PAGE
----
My last boss, Megs, was an avid traveller as an ex-flight attendant with her children both in yachting. They always came home for Christmas telling me about these insane parties and restless nights working on these massive shiny superyachts. Megs guided me to her daughter Fiona who was a Chief Stewardess at the time and took me under her wing for my first stint as a day worker. Then Sarah Plant at ReCrewt placed me in my first junior stewardess position onboard a lovely 56 m Benetti Called Galaxy and I haven’t looked back! Never in my wildest dreams did I think I would be where I am today.

How did your career begin and what was your path from Stewardess to Chief Stewardess? Have you had to complete any training?

I worked onboard Galaxy for a little over 3 years under three Chief Stewardesses, all with different skill sets. We were all a very tight crew and are all still in touch to this day. I’ve been to weddings, met babies and catch up regularly with my first crew. It was a really special time for me and I put that down to our Captain and First Officer who didn’t change the entire time I was on board. You guys know who you are! I then did a bit of travelling (spending my tips!). After that, I moved onto Slipstream as a Second under a Chief who had been on board for 7 years! BIG shoes! She was an absolutely fantastic Chief, I loved working with her and I can’t thank her enough for the opportunity to move into her role when she decided to leave. It was extremely challenging, Slipstream is a busy charter yacht and always on tight turnarounds. I was lucky to have a great, experienced team with me as well as fantastic Chefs. After that I decided to just temp for a little while on Cloudbreak, this is where I met the lovely Bec McKeever! I made some real friends for life on this boat which was a fantastic opportunity. We travelled around Norway, Greece, Turkey and Germany. I was employed as a Second Stew and absolutely loved it! Lucky my Chief at the time was super experienced and lovely we got on like two peas in a pod (shout out to the other P!) and we worked together really well. After the contract ended I was asked back but they only had a stew position. I said ABSOLUTELY! It was great, I loved it. I learned a lot from stepping up and down. You are never too good for any position, you always need to respect the position above and below you even if you have more experience, that is the job you accepted. Other than that it’s the usual STCW courses as well as Food Hygiene and my WSET Level 2 wine course which I completed for fun in sunny Edinburgh.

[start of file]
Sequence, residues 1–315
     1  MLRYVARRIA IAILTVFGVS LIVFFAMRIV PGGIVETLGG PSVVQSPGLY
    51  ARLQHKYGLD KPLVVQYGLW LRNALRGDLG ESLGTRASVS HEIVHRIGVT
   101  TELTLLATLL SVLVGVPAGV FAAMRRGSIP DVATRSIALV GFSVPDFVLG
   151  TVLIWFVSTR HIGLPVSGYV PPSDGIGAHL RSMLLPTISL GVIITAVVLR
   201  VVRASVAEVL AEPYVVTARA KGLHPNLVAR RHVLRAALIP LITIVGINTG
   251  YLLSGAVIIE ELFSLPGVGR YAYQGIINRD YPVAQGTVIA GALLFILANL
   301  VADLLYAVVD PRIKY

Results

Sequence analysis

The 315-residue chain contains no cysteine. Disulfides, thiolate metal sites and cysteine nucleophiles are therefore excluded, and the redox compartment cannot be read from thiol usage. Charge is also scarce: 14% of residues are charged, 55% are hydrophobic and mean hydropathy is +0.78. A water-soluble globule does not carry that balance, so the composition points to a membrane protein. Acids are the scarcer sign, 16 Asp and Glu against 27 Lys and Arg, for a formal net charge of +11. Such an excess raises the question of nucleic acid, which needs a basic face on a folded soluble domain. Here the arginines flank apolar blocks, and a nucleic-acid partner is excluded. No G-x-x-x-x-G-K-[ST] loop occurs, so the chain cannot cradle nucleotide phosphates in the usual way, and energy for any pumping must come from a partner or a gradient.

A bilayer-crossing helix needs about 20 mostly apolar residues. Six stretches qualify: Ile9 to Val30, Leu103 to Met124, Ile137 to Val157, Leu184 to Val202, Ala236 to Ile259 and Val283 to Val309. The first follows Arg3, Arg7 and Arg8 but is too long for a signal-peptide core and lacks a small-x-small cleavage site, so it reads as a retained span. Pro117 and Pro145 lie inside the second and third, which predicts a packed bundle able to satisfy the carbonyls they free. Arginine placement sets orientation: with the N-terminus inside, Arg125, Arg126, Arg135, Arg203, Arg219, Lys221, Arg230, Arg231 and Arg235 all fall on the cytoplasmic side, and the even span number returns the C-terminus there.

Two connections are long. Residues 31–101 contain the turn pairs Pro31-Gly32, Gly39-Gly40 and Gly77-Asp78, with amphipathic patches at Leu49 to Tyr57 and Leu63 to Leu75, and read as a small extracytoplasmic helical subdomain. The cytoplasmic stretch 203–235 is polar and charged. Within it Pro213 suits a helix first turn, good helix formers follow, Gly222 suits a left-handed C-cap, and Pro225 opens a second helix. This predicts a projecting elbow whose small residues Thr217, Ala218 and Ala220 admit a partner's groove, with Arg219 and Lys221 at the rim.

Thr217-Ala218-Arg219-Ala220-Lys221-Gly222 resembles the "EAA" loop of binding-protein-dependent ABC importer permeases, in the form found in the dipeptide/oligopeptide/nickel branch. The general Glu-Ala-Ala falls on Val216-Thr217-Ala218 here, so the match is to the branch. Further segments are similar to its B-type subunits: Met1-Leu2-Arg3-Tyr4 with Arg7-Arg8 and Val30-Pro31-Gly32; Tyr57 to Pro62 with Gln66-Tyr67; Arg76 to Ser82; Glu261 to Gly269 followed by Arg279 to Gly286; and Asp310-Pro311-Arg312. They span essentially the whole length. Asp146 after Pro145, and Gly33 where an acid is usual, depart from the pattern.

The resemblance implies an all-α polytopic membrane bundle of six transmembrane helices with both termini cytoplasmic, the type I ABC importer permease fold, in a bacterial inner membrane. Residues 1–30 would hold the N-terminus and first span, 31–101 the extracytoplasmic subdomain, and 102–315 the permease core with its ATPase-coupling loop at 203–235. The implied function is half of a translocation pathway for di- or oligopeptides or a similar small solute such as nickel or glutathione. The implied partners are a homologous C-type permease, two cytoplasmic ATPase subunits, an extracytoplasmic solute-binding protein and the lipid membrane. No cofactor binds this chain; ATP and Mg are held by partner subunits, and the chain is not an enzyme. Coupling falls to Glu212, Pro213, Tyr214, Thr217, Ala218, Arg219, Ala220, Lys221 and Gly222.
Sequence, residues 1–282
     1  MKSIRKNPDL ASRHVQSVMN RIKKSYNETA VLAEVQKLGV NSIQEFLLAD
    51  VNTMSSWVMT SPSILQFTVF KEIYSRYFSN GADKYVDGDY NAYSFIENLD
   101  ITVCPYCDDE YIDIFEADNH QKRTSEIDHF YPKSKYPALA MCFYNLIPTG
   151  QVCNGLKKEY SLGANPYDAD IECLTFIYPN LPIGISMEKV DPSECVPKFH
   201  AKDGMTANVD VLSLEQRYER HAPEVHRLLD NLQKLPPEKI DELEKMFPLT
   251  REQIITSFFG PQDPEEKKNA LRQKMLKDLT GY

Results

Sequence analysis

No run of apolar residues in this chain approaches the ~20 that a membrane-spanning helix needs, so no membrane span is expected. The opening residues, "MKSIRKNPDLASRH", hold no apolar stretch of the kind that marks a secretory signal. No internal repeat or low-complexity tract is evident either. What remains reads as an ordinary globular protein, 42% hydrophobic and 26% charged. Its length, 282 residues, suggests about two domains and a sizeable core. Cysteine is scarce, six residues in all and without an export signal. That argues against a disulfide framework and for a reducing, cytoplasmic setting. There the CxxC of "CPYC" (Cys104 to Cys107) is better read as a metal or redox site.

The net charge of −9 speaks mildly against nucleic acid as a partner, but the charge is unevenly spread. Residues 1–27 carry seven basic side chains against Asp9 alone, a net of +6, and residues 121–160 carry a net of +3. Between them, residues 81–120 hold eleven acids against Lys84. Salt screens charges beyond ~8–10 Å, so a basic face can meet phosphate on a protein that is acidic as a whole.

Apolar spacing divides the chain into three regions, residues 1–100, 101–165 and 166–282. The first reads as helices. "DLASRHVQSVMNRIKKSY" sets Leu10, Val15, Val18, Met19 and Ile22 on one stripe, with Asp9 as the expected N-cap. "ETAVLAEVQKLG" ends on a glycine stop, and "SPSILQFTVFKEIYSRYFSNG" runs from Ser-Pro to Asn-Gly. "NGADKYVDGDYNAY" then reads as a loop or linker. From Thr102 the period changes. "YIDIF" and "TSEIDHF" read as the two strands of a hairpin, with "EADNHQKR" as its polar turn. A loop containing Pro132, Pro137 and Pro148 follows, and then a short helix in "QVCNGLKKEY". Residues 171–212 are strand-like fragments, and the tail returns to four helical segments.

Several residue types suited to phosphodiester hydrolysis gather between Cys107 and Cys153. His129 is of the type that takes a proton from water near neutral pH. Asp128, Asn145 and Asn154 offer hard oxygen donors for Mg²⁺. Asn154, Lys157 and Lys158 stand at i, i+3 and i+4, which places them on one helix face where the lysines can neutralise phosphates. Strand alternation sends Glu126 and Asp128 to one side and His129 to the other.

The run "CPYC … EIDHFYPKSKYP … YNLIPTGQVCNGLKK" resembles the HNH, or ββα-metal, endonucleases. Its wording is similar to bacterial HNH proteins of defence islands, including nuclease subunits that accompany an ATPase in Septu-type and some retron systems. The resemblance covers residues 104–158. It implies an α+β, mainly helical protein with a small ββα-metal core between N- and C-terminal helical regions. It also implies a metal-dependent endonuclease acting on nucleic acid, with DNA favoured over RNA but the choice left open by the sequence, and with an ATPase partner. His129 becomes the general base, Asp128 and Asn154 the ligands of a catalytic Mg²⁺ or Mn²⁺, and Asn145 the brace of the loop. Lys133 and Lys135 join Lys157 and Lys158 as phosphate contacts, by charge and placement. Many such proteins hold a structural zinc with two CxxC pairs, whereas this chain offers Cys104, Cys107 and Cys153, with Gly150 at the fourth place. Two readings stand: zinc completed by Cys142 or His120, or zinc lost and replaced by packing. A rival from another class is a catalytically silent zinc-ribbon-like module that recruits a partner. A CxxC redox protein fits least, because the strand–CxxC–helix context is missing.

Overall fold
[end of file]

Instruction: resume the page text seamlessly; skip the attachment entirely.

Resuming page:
Throughout your career from Stewardess to Chief Stewardess, what challenges have you faced?

​For me, finding the right crew is always the biggest challenge. It’s challenging for all departments including the Captain and management to recruiting those that are passionate about the yacht they work on. Over my time on boats, I would say for any manager or Captain recruitment is the hardest possible thing to do on or off yachts. There was also one occasion where one of my girls dropped the whole oil and balsamic vinegar table set on a brand new white silk carpet one hour before the owners were stepping on. It was a Sunday, it was late and we were in Barbados… that was a bad day. Provisioning would also be a big one especially during COVID, my yacht was in Florida when the pandemic hit, trying to get any food on board was a nightmare. I sent two girls to Wholefoods and the shelves were nearly empty, my Second at the time said she had to hide a roast chicken up her t-shirt as things had turned feral in the supermarket.

Who do you turn to if you’re having a bad day and how do you handle that when being onboard?

As a Chief Stewardess, I lean on my second stewardess we work as a team and a problem shared is a problem halved. I am lucky enough to have a fantastic Second Stewardess on my current vessel who I completely trust with everything onboard. I also rely on my partner who I currently work with. He’s a laid back kiwi engineer so it’s safe to say I get great advice from him. Nothing is ever as bad as it seems, especially when I tell him something and he’s standing in a sweaty engine room covered in oil. When you start to spread your frustrations out on everyone who will listen, that’s when things generally go south. Chinese whispers happen and it’s made into something it’s not.